We don’t need more cool churches. Cool music, trendy lighting, and a charismatic preacher is not the silver bullet that will magically rescuing our dying churches. If cool was the problem, things would be looking a lot better for the Church as a whole.
And I love cool churches, but cool doesn’t solve our problems.
The Jewish philosopher Abraham Joshua Heschel wrote:
"It is customary to blame secular science and anti-religious philosophy for the eclipse of religion in modern society. It would be more honest to blame religion for its own defeats. Religion declined not because it was refuted, but because it became irrelevant, dull, oppressive, insipid. When faith is completely replaced by creed, worship by discipline, love by habit; when the crisis of today is ignored because of the splendor of the past; when faith becomes an heirloom rather than a living fountain; when religion speaks only in the name of authority rather than with the voice of compassion - its message becomes meaningless.” - God in Search of Man
Now I certainly don’t agree entirely with his statement. There is an importance to things like creeds and disciplines. But I think Heschel is on to something… “It would be more honest to blame religion for its own defeats.”
Or “[religion] became irrelevant, dull, oppressive, insipid.”
And irrelevant here isn’t about the style of church, but about our message not connecting to people’s lives.
One blogger wrote:
Why are so many young people leaving the church? I don’t think it’s all that complicated. God seems irrelevant to them. They see God as existing to meet their needs and make them happy. And sure, God can make them feel good, but so can a lot of other things. Making piles of money feels good. Climbing the corporate ladder feels good. Buying a motorcycle and spending days cruising around the country feels good … if God is simply one option on a buffet, why stick with God? - Stephen Altrogge
If we don’t need more cool churches, what kind of churches do we need?
We need churches that make disciples.
In Matthew 28, we are given the great commission, “Go therefore and make disciples of all nations, baptizing them in the name of the Father and of the Son and of the Holy Spirit, teaching them to observe all that I have commanded you.”
Jesus gives the command that Christians are to be disciple-makers and he even gives instructions in how to do it: baptize and teach. Christians are called to be disciple-makers. Our churches should be making disciples who make disciples who make disciples.
What are we doing to help our people become disciple-makers? How are we helping them become disciples of Jesus? And how are we helping them go into their neighborhoods, homes, communities, and workplaces as disciples who are all about making more disciples?
We need churches that are committed to translation.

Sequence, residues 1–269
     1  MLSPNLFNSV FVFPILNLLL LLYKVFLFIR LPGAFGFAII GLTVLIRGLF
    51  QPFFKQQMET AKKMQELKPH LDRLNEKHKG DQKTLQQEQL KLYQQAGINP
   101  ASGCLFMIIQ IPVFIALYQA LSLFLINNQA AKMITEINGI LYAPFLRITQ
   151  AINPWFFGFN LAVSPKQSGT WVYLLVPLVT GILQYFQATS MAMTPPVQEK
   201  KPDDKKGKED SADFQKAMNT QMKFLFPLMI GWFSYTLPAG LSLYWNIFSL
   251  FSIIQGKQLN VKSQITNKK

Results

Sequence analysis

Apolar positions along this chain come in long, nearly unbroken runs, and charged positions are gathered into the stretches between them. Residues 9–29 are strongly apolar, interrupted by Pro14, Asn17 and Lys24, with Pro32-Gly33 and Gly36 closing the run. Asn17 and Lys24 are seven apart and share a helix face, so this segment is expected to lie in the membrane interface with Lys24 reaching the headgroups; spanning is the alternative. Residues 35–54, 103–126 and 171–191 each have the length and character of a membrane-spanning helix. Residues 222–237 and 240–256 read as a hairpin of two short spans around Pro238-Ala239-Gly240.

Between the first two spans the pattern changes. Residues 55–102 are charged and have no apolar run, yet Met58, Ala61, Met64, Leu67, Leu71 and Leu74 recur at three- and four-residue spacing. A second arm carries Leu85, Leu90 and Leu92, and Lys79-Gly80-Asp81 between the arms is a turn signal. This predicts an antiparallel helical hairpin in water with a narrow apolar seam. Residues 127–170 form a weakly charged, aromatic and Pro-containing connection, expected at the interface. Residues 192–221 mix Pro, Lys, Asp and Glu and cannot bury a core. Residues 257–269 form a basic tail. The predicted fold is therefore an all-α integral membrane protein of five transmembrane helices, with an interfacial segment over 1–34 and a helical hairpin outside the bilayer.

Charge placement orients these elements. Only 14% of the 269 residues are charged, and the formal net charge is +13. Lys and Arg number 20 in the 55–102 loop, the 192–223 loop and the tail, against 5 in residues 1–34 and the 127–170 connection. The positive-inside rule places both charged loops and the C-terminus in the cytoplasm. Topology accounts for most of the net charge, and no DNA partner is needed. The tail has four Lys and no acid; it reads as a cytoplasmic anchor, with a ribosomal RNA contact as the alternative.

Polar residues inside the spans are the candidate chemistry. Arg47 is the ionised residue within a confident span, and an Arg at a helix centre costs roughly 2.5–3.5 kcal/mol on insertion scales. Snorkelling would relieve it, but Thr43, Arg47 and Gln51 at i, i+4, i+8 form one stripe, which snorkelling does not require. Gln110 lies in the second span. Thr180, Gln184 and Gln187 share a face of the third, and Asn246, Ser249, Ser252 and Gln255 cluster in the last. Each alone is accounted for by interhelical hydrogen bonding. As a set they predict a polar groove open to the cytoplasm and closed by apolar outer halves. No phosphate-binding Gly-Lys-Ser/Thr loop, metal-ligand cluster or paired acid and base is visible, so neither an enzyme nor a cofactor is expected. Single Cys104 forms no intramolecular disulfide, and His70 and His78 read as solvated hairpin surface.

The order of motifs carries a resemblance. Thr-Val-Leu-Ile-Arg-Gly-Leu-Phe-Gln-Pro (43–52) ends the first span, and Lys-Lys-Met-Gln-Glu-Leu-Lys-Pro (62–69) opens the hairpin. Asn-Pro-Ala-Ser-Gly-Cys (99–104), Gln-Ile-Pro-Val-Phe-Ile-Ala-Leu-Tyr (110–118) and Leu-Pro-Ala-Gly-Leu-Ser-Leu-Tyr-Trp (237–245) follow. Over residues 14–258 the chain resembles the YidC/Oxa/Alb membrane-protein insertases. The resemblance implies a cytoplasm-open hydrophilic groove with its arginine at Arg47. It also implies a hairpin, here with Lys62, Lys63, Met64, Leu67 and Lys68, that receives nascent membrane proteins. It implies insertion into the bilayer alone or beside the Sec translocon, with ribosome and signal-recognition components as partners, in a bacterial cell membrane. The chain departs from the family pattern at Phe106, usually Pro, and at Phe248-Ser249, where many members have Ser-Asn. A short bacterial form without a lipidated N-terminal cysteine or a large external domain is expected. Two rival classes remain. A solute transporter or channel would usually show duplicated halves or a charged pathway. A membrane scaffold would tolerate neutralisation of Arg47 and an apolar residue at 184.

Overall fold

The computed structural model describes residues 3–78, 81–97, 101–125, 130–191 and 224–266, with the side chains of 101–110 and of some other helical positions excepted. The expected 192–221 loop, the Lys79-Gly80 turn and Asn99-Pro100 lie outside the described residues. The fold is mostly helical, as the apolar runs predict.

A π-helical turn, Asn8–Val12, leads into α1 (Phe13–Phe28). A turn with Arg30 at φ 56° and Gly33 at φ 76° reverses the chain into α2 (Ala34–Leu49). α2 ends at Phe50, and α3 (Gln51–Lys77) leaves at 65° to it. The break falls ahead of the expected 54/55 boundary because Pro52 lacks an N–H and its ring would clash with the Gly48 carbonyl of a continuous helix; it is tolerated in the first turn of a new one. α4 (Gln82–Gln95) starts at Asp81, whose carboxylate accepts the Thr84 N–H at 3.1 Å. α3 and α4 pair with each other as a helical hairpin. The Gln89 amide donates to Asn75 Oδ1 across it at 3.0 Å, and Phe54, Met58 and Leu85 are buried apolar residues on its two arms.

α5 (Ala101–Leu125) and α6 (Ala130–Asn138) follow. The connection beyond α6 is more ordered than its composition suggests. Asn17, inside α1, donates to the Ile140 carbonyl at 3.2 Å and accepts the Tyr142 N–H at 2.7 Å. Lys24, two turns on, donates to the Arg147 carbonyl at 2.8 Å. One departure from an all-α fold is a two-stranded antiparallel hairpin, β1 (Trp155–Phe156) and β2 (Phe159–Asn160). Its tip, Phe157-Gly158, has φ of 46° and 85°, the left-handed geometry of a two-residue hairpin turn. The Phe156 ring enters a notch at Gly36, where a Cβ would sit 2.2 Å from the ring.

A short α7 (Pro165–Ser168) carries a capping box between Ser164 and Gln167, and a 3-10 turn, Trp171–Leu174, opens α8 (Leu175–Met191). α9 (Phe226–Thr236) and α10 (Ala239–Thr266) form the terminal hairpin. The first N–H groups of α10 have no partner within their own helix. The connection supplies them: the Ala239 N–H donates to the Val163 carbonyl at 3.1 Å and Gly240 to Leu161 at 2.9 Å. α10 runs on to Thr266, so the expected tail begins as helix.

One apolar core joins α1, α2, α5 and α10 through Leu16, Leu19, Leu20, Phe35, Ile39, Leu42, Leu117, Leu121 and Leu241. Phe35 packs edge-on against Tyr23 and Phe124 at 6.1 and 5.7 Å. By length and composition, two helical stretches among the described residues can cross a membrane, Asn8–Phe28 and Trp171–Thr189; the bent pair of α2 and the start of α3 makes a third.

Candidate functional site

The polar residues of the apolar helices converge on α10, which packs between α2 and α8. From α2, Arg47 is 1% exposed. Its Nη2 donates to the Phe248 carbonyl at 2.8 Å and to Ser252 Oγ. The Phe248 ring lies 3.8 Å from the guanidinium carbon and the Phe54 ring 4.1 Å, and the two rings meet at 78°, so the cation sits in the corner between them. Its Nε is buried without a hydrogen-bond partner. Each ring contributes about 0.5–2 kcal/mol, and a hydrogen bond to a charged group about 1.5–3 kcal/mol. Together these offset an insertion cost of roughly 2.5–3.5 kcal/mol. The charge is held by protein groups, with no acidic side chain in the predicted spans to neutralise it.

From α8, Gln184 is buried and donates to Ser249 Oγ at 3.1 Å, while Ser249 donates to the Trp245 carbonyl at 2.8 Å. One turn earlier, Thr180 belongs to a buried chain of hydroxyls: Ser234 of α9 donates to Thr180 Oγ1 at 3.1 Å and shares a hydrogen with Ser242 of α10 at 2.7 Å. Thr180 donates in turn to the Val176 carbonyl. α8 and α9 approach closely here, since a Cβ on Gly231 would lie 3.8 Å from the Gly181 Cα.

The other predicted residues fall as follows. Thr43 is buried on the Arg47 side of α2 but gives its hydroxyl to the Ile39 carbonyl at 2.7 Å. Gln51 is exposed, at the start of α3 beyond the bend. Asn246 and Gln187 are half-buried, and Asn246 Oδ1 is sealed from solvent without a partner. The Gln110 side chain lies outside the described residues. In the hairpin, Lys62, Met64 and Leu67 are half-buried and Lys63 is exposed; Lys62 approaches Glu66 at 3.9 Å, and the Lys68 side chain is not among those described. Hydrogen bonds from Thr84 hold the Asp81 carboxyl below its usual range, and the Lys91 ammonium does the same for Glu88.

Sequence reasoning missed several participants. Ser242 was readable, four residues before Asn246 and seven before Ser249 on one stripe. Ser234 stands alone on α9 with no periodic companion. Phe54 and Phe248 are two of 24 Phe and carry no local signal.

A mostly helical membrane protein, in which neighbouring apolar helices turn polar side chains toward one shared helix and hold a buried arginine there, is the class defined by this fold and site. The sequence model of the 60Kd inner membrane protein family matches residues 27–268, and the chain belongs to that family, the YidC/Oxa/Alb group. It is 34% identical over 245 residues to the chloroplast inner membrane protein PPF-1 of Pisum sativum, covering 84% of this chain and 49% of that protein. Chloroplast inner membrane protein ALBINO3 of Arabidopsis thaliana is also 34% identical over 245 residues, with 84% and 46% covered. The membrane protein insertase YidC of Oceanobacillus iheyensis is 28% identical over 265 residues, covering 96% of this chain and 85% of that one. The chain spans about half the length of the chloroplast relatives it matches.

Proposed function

In a world where the word “doctrine” is unsexy, we need it now more than ever. But doctrine and theology needs to be disconnected from the stigma that it is for pastors, theologians, and professors. We are all theologians and as churches, we need to be committed to teaching deep, rich theology for our people.
And because “religious literacy” in our world is worse than ever, pastor-theologians have to be more intentional about their role as translators. In many ways, preachers are simply taking what the scriptures have said and what many smart dead guys before them have said and saying it in a new way.
Our churches need to be places that preach the Word of God purely. And also places that remove the Christianese that so often causes the message to get lost in translation.
We need churches that are committed to being a family.
Church is a family. And family is not always cool, they often have weird traditions, and even some people you are a little bit embarrassed to be with in public. But family is still family. Family does life together, they support each other, and they always love each other.
If the church is going to be relevant to those who aren’t in the church, they not only go to church, but they are the church throughout the week in their homes, neighborhoods, and cities. The family of God lives as family and welcomes others into the family.
Our churches don’t need to make sure the family is all cool and trendy; our churches just need to create a place that encourages these relationships. What would the stats about the decline of churches look like if we had more churches that had families of believers where believers had meaningful relationships with other older believers.
There might be no better apologetic for our churches, then the experience of a family of believers adopting someone into their family. The family has been made family by the ancient message. And the family lives out their faith in the world as a community of believers as witnesses to “what [they] have seen and heard.”